You and I both know that Skip Bayless is a robot living in a human body and that you can’t believe much that comes out of his mouth or in writing. You and I both know that he’d say whatever it takes to make his employer a dime. You and I both know that he’s a weirdo carnival barker that can’t possibly be living an enjoyable life, even with the giant pile of f-you money.
That’s why I’m skeptical of the mini-autobiography he published Tuesday on Facebook. Keep in mind that Skip is 67 and included extremely detailed memories like, “When I was 4, my mother told my father to get me my first bike, I think for my birthday. He bought me a dull-green girl’s bike, explaining to my mother that he didn’t want me slipping off the seat and injuring my testicles on the bar of a boy’s bike.”
Ok, Skip. It’s unclear why Skip got all of this off his chest, but it might give you a little bit of insight into the brain of this maniac. Dig in and see what kind of possible fabrication you can find. Don’t forget, Skip was busted a couple years back lying about his high school basketball career. And don’t forget that Skip was once caught praising himself on a Facebook Live where he forgot to switch to a burner account.
I was “raised” by an evil creep of an alcoholic father and a self-absorbed mother who eventually fell to the bottom of the bottle herself.
Now, when I read about an athlete who grew up without a father, I wish I had. Now, when I read about the single mother who loved her future-star son so much she worked three jobs while playing mother and father, I wish I’d had that mother. Not once did either parent ever ask how I was doing in sports or school or tell me they loved me. I was amused by the recent social-media controversy over how Tom Brady encouraged his son to kiss him on the mouth. I couldn’t have imagined either of my parents ever kissing me period.
My upbringing is why I can’t completely condemn LaVar Ball. At least he loves his sons to a fault.
Yet understand, I’m looking for no sympathy here. In a crazy way, I was blessed.
Neither of my parents wanted kids. My mother admitted this to me much later in my life. My mother Levita was pressured to have three kids by her mother, Gladys, a domineering red-headed force in Levita’s life. My mother was the youngest of three and Gladys’ lone daughter, so the pressure probably tripled on her to produce grandchildren.
I was Levita’s first born. My father John went along with whatever my mother wanted, even three kids, because he knew how lucky he was to have her. My father, from a fatherless home in little Okmulgee, Okla., up near Tulsa, walked into the bank in which my mother worked as a teller, somehow convinced her to go on a date and soon talked her into marrying him. That was a bigger upset than 18-point underdog Notre Dame ending the Oklahoma Sooners’ record 47-game winning streak in Norman in 1957 … the first game I ever attended.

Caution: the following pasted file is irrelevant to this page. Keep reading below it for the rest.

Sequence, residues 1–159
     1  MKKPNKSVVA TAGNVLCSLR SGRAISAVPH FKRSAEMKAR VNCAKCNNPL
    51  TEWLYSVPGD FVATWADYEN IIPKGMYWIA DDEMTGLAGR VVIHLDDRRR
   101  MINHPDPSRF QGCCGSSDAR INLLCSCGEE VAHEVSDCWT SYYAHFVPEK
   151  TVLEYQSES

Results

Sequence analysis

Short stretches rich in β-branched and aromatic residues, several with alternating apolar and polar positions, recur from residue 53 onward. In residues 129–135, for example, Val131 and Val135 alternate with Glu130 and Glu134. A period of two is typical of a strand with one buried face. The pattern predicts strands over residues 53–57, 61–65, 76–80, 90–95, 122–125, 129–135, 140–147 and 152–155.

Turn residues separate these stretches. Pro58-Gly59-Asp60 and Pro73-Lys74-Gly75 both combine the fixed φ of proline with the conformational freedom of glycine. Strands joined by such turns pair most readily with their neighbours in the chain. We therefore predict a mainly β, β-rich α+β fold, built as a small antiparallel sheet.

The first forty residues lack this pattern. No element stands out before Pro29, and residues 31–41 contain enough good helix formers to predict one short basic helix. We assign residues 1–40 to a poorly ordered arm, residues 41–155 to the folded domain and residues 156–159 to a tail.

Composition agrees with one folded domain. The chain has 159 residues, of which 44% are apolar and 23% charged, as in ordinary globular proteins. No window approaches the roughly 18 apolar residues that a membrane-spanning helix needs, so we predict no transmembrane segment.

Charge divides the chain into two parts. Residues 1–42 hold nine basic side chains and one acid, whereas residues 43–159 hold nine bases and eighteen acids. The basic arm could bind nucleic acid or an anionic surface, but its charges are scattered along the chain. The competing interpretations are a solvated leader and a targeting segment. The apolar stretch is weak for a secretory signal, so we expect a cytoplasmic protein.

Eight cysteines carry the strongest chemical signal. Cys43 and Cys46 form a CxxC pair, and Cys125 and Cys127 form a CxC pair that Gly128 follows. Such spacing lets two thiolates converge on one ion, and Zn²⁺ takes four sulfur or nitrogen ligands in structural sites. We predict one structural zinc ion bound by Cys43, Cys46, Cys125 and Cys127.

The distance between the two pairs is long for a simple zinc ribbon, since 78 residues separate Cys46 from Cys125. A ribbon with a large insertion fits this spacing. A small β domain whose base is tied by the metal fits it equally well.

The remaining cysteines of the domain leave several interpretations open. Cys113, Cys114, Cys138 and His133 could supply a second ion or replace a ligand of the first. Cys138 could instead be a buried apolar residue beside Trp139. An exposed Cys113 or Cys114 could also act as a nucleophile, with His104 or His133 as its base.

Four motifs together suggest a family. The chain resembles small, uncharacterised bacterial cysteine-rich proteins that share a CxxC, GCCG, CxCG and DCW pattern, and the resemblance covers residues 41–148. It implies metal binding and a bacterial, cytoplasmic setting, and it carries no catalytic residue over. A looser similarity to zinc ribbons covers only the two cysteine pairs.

Many times I asked my mother why she chose my father and all I got was he “looked like Paul Newman,” that they had a strong physical attraction, and (in her often blind view) he could be a good man when he wasn’t drinking … which was pretty much never. My mother was a baffling blend of street smart and naïve, a tough businesswoman with a touch of dumb blonde.
Sometimes I wonder what it must be like to live Skip’s life. To always be the troll 24/7 because at this point it’s too late to act like you have a legitimate soul inside your body. I wonder if the money is really worth it. It can’t possibly be enjoyable to constantly be playing the role of a contrarian for the sake of a Nielsen rating.
I also find myself wondering what Skip’s home life is like. Does he have a dog? Does his wife — mentions in the Facebook post that he’s married — sit there and ask Skip if he would mind watching House Hunters?
I live to compete, to test myself under fire. My wife Ernestine cannot understand this but she agreed from the start, 13 years ago, to share me with my obsession (career) and my addiction (exercise). She is the greatest thing that ever happened to me. She often saves me from myself. She doesn’t love sports but she continues to love me in ways that astound me.
I love you, Ernestine. You taught me to love something other than myself. You taught me to trust, even a little.